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Tindall v. Lashbrook

United States District Court, S.D. Illinois

December 15, 2016

RICHARD TINDALL, Plaintiff,
v.
JACQUELINE LASHBROOK, MICHAEL SCOTT, and CHRISTINE BROWN Defendants.

          MEMORANDUM AND ORDER

          MICHAEL J. REAGAN U.S. Chief District Judge

         Plaintiff Richard Tindall, an inmate in Pickneyville Correctional Center, brings this action for deprivations of his constitutional rights pursuant to 42 U.S.C. § 1983 based on episodes of deliberate indifference. Plaintiff's Complaint requests declaratory relief, fees and costs, and punitive damages. (Doc. 1, p. 11). This case is now before the Court for a preliminary review of the Complaint pursuant to 28 U.S.C. § 1915A, which provides:

(a) Screening - The court shall review, before docketing, if feasible or, in any event, as soon as practicable after docketing, a complaint in a civil action in which a prisoner seeks redress from a governmental entity or officer or employee of a governmental entity.
(b) Grounds for Dismissal - On review, the court shall identify cognizable claims or dismiss the complaint, or any portion of the complaint, if the complaint-
(1) is frivolous, malicious, or fails to state a claim on which relief may be granted; or
(2) seeks monetary relief from a defendant who is immune from such relief.

         An action or claim is frivolous if “it lacks an arguable basis either in law or in fact.” Neitzke v. Williams, 490 U.S. 319, 325 (1989). Frivolousness is an objective standard that refers to a claim that any reasonable person would find meritless. Lee v. Clinton, 209 F.3d 1025, 1026-27 (7th Cir. 2000). An action fails to state a claim upon which relief can be granted if it does not plead “enough facts to state a claim to relief that is plausible on its face.” Bell Atlantic Corp. v. Twombly, 550 U.S. 544, 570 (2007). The claim of entitlement to relief must cross “the line between possibility and plausibility.” Id. at 557. At this juncture, the factual allegations of the pro se complaint are to be liberally construed. See Rodriguez v. Plymouth Ambulance Serv., 577 F.3d 816, 821 (7th Cir. 2009).

         Upon careful review of the Complaint and any supporting exhibits, the Court finds it appropriate to exercise its authority under § 1915A; this action is subject to summary dismissal.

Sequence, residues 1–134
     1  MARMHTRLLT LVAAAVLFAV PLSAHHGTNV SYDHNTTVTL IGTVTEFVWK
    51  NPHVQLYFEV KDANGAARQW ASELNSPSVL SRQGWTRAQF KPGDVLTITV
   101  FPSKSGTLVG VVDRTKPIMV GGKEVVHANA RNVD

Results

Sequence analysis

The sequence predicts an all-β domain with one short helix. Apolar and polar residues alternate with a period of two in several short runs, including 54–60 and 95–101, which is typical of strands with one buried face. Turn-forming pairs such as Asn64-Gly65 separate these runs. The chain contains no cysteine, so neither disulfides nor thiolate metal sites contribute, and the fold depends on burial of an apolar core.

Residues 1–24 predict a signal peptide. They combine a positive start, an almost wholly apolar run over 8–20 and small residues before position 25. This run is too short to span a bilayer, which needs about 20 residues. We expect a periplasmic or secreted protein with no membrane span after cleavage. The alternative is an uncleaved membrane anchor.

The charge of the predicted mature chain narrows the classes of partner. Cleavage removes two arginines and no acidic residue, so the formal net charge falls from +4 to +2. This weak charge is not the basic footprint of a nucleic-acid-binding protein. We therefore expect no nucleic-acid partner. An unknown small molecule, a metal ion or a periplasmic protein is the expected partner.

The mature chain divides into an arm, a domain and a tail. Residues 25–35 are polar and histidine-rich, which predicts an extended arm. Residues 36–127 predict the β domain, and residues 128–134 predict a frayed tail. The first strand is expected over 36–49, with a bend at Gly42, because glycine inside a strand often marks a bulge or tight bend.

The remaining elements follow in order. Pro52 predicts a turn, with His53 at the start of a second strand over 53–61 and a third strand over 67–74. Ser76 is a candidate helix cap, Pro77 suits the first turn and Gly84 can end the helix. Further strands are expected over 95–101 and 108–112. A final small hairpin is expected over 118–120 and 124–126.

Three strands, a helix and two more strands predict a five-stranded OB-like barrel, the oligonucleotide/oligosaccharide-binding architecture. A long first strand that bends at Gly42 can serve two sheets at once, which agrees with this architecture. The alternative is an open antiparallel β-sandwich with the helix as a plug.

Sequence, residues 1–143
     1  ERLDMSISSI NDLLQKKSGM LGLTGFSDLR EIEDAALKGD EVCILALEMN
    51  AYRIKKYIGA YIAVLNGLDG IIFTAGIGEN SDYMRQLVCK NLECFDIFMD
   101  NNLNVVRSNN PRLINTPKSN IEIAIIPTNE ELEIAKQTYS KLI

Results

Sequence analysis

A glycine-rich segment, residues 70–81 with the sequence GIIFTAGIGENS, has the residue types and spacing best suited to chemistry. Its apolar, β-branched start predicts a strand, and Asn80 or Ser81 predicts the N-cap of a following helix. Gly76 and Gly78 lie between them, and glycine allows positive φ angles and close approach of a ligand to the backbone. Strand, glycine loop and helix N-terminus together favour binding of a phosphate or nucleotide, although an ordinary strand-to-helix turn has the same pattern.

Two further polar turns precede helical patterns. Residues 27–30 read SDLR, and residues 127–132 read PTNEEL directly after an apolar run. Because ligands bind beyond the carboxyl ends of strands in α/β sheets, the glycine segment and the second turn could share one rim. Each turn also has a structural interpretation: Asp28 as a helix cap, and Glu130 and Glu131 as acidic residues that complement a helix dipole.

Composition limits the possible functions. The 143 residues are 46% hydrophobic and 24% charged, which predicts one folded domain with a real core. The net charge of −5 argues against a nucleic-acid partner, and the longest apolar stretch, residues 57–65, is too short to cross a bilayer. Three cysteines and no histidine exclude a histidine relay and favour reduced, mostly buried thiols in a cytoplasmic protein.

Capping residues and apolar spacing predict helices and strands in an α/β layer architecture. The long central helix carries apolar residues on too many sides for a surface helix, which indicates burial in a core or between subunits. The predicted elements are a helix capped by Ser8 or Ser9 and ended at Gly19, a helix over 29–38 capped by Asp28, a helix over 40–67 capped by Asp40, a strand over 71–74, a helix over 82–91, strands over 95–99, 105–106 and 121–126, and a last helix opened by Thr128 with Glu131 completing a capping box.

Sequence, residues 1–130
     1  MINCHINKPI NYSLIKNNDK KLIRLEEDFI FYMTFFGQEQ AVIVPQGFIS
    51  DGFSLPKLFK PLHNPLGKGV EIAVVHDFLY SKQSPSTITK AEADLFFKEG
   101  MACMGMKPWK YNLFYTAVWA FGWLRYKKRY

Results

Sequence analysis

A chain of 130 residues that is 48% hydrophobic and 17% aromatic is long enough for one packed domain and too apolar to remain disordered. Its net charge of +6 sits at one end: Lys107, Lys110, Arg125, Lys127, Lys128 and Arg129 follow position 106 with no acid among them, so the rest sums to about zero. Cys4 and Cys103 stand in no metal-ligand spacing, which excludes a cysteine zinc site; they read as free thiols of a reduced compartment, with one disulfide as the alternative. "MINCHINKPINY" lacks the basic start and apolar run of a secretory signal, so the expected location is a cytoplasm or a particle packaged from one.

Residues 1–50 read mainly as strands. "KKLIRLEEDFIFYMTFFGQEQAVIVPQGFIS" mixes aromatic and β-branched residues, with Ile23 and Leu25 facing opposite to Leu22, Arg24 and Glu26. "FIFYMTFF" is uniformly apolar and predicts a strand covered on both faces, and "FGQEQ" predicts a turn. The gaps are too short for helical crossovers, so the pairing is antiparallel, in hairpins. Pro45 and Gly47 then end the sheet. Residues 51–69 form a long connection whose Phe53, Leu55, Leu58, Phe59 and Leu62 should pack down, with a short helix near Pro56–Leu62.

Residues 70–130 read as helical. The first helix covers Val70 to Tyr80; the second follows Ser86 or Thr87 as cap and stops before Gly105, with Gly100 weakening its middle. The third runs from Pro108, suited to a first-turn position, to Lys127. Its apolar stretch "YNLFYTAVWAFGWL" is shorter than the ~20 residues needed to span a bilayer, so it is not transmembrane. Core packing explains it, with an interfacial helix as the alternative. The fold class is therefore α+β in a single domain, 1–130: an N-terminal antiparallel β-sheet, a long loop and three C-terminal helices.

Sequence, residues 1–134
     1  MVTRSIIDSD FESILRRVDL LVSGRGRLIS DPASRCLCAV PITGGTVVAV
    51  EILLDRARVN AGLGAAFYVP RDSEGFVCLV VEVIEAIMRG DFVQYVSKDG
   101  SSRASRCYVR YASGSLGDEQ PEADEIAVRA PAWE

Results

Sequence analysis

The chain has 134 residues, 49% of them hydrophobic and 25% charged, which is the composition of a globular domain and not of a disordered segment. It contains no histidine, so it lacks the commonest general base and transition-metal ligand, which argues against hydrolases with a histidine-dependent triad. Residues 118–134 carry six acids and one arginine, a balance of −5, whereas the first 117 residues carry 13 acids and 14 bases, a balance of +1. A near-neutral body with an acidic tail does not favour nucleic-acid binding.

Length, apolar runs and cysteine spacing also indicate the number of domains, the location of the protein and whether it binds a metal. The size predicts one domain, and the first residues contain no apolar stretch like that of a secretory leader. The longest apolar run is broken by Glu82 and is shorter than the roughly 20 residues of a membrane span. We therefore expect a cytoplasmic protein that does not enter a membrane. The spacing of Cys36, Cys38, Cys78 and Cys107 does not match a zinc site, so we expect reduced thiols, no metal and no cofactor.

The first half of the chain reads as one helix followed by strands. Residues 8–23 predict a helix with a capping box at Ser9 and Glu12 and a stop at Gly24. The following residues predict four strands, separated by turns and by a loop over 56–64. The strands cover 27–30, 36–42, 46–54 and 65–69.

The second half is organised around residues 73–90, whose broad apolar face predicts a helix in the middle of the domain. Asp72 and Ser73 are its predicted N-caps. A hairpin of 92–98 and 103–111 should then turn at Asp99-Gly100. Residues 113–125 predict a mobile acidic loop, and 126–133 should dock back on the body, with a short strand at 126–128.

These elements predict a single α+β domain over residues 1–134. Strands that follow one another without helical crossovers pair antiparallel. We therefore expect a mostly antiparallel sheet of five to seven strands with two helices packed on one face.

The Complaint

         Plaintiff transferred into to Pickneyville on July 13, 2016 from Western Illinois Correctional Center. (Doc. 1, p. 5). Plaintiff suffers from an anxiety disorder, bipolar disorder, manic depression, and paranoid schizophrenia. (Id.). Plaintiff had been taking Buspar to control his anxiety. (Id.). Upon transferring, Plaintiff wanted to see a psychiatrist because he believed that his mood stabilizers and anti-psychotic medication should be restarted. (Id.). Plaintiff spoke with a psychologist, Ms. Hayes, who told Plaintiff he would be put on the call list to see a psychiatrist immediately. (Id.). At the time he filed his Complaint, more than three months later, Plaintiff still had not seen a psychiatrist. (Id.). He has made 10-15 written requests to the mental health department and made over 50 verbal requests to nurses and health care staff to be placed on the call line to see a psychiatrist. (Id.). None of the written requests are in the record.

         Plaintiff was also not given Buspar from the time of his arrival at the prison until October 15, 2016. (Doc. 1, pp. 6, 8). As a result of this delay, Plaintiff suffered from extreme anxiety, and daily panic attacks. (Doc. 1, p. 6). Plaintiff's paranoia and psychotic delusions, including audio and visual hallucinations, have also been aggravated by the lack of treatment. (Doc. 1, p. 7).

         Discussion

         Based on the allegations of the Complaint, the Court finds it convenient to divide the pro se action into 1 count. The parties and the Court will use this designation in all future pleadings and orders, unless otherwise directed by a judicial officer of this Court. Plaintiff's Complaint will be dismissed at this time with leave to amend.

         Count 1 - Defendants were deliberately indifferent to Plaintiff's serious medical need of mental illness ...


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